There are great artists, and then there are those who are part of a cultural shift. They are not always one and the same, though a case could certainly be made for filmmaker Eric Rohmer.
Rohmer, who died in Paris Monday at 89, was not the most visually visceral or widely known of the French filmmakers who became known as La Nouvelle Vague, or The New Wave. Rohmer was more interested in conversation than than such contemporaries as Jean-Luc Godard and Francois Truffaut, but oh the conversations his characters have.
The debates over faith in the great My Night at Maud’s, discussions on the nature of life in Claire’s Knee, the seemingly innocent circular flirtations of Love in the Afternoon (aka Chloe in the Afternoon) and love, always love.
Even in old age, Rohmer infused his films with a young romantic’s heart; one of my favorites is A Summer’s Tale—made when Rohmer was in his mid-70s. Like many of his films, A Summer’s Tale is elegant in its simplicity: A young man arrives in a beach town, awaiting the woman he (thinks he) loves; but while he waits, he meets two other very different women. The pleasure comes from watching how the relationships unfold, the questions that are raised, the choices that are made.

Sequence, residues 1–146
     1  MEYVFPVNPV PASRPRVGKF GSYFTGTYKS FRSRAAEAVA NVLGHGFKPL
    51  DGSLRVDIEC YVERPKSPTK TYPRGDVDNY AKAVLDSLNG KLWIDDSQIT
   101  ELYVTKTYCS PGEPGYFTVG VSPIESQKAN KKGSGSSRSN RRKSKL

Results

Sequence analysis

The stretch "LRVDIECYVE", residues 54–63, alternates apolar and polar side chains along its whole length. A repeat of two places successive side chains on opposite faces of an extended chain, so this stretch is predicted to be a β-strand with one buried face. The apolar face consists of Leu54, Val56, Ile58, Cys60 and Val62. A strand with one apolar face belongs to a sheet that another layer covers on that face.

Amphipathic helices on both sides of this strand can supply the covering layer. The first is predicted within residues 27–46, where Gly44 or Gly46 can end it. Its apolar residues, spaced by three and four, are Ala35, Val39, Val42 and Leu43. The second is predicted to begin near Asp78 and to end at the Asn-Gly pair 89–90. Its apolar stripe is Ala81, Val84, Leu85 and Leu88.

Rohmer often bound his films to an overriding conceit (the movies that make up his “six moral tales” and “four seasons” series account for nearly a third of his cinematic filmography; he also directed frequently for television). Just as often, his stories featured a man on the precipice of commitment or a man trapped by commitment. But Rohmer took these tales to unexpected places.
I came to Rohmer late, first seeing a small handful of his films in the mid-1990s, then wondering what took so long to discover his warmth, his sly sense of humor, his humanity. I am still catching up with Eric Rohmer (his work spanned six decades), and I know I am not alone. Hopefully his passing will spur others to give one of his movies a try; he may be gone, but his films remain alive and eternally youthful.